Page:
Campus religious and spiritual groups create welcoming home for students

At a Quaker school, it can seem like religion is everywhere. The Hut is always brimming with meetings and different groups constantly hosting events on campus. And yet, in day-to-day life, most students prioritize other needs before their own spirituality.

Religious Emphasis Week, Feb. 16–22, was a time to reflect on religion on campus and why it matters.

The various religious groups on campus can be places of discovery. Coming from a Christian background, sophomore Laura Todd is currently the secretary and treasurer of Hillel and a member of the Guilford College Community of Religious Observants.

“When I came to Guilford, I found that I kept getting drawn back into religious life,” said Todd.

“But I can see how in college people don’t typically see religion as cool, and religion and spirituality tend to fall by the wayside.”

People of all faiths are welcome to every religious event on campus and are encouraged to learn and ask questions about different ideas.

College is, after all, a time for exploring and questioning ideas. Finding a place or a comfortable belief system is a life-long journey that for many, begins in this period of life.

“I’d like to see more frank and open discussion between members of different religious communities as well as those with no faith tradition or affiliation,” said Guilford College Religious Observance member and senior Omar Hamad in an email interview. “I want there to be dialogue where people aren’t afraid to disagree with one another and less fluff talk about spirituality in an abstract sense.”

The key here is a feeling of inclusivity and welcoming, so students can feel comfortable discussing such subjects that for some are a sensitive issue. The first step is to ask questions.

“Though very few people on campus consider themselves Buddhist, there are always people willing to learn,” said junior Sophie Laine, member of the Buddhist Fellowship. “Religious life isn’t a separate part of someone’s life; it’s a continuous presence. Having a group that helps with that is very rewarding.”

Senior Emily Eadie, president of Pagan Mysticism Group, said participating with a religious group on campus has allowed her to both strengthen her beliefs and allow them to grow.

“There are still lessons from religion and spirituality that we can learn from,” said Eadie. “It’s good to know we’re making a positive difference in the community.”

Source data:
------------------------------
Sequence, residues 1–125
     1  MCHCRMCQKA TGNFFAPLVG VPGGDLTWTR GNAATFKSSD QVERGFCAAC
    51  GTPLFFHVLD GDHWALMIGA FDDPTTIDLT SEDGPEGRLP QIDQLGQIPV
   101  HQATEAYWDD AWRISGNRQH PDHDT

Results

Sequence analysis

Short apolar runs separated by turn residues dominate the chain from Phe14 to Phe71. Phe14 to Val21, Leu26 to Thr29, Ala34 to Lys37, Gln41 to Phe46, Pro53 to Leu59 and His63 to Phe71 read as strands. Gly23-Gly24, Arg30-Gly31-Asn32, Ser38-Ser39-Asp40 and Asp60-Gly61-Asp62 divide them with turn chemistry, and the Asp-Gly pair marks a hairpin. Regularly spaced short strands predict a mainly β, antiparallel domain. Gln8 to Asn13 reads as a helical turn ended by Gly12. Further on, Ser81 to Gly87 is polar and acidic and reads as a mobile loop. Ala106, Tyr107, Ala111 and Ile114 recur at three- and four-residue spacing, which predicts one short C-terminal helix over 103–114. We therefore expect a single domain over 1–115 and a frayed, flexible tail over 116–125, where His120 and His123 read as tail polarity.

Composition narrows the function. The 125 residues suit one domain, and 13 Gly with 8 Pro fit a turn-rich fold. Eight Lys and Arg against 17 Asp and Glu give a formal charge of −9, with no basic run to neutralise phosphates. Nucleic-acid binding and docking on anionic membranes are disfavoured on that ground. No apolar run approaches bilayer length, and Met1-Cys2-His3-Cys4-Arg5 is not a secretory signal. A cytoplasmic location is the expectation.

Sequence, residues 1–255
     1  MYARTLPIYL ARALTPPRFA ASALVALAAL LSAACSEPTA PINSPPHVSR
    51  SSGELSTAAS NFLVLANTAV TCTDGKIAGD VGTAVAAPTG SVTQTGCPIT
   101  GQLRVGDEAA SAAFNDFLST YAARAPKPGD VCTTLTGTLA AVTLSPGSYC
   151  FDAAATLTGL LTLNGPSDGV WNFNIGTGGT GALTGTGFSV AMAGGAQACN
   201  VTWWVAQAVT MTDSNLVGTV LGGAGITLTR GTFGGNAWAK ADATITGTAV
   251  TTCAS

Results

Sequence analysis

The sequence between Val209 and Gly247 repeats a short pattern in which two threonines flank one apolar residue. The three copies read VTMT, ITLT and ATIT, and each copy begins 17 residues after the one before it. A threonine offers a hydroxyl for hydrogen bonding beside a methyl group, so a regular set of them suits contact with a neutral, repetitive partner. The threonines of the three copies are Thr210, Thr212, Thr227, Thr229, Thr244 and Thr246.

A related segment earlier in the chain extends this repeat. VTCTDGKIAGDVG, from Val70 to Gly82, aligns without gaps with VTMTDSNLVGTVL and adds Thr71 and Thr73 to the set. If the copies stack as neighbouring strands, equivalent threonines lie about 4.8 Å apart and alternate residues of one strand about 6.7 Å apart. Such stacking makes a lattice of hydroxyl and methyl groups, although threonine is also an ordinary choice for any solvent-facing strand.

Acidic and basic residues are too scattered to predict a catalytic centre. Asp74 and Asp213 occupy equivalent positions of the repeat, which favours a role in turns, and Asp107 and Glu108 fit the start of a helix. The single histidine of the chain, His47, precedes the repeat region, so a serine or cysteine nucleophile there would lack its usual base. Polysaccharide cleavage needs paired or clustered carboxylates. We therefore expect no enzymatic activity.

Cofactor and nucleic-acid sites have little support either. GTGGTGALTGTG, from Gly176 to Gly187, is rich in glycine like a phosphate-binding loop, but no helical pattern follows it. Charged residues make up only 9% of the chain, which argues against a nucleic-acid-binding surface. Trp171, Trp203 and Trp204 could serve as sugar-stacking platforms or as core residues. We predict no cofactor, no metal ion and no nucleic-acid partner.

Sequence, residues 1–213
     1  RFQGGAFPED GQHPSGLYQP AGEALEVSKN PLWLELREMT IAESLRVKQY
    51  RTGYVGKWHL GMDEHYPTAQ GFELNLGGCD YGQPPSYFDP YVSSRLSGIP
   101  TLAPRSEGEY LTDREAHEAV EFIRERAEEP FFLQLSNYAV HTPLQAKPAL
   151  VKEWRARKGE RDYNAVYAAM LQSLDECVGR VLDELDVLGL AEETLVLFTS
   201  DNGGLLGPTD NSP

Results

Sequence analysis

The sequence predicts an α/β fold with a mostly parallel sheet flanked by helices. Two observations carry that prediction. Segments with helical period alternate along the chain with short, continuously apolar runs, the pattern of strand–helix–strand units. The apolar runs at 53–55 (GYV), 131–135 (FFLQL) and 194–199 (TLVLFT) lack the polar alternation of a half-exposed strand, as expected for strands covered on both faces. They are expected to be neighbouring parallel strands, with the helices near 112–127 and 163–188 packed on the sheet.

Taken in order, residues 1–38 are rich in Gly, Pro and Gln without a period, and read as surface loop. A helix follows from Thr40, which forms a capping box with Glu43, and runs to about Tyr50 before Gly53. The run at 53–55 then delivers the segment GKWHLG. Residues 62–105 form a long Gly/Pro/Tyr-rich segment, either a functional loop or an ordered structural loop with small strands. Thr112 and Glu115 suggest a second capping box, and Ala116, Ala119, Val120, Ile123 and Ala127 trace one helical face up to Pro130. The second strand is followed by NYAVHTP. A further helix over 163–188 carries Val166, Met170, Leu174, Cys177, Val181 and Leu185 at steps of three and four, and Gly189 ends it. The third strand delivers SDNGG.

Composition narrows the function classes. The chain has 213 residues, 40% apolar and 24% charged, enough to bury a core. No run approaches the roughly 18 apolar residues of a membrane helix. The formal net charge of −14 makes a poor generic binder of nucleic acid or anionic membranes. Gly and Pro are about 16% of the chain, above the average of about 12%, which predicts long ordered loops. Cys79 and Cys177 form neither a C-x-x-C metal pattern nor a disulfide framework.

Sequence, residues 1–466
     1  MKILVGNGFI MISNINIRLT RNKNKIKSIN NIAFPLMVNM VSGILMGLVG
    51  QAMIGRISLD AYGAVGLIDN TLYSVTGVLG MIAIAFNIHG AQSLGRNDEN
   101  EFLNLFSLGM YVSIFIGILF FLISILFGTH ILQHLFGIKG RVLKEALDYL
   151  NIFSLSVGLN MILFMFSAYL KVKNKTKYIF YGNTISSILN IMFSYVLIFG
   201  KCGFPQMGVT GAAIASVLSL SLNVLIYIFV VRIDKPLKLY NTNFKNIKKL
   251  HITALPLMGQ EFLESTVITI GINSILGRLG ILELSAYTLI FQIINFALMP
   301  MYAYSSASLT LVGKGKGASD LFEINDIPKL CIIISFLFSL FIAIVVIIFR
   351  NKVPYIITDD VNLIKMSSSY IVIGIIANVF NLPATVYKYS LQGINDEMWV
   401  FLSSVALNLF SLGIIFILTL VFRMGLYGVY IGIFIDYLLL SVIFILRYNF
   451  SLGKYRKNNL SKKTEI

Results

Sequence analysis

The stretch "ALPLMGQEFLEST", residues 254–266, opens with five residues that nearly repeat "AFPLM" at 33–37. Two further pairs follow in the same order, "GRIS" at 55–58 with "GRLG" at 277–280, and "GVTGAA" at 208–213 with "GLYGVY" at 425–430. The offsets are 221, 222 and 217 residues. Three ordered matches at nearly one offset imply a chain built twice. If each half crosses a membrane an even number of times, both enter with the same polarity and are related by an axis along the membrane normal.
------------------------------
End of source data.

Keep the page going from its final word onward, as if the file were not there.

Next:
Fostering a sense of community is an imperative for every group on campus.

“We don’t want to be shut off, we want to love and serve other people,” said junior Turner Votipka, a member of the Fellowship of Christian Athletes.

For some, the act of seeking religious groups is not so much an exploration of a foreign world but a return to the familiar. At home, it can be easier to participate in one’s religious beliefs, while in college it requires extra effort.

During a recent panel discussion, the Muslim Student Association discussed the need for a non-denominational place of prayer on campus, where people of all faiths and beliefs could come together in a quiet, focused space.

For Muslims especially, who pray five times a day, having a place on campus would make prayer more convenient. Not having a set location leaves Muslim students praying in stairwells or in quiet corners of classrooms and are often unable to perform Wudu, their pre-prayer cleansing ritual.

“I was walking up the hallway in the Frank Family Science Center and I saw a woman praying in the hallway,” said first-year Airperi Iusopova. “I really appreciate how she found the courage to do that, but I felt sad that she couldn’t really concentrate on her prayer.”

For sophomore and President of Hillel Stephanie Byer, campus has always felt welcoming. In that spirit, Byer wants to make sure her group is a place for all students to feel at home. Every Friday evening, Hillel holds Shabbat, a ceremony to usher in the day of rest, where all are encouraged to participate and learn about Jewish culture.

Religious Emphasis Week was just a week, but personal beliefs about religion and spirituality are not contained to a week; they last a lifetime. At a place like Guilford, now is a great time to start asking questions.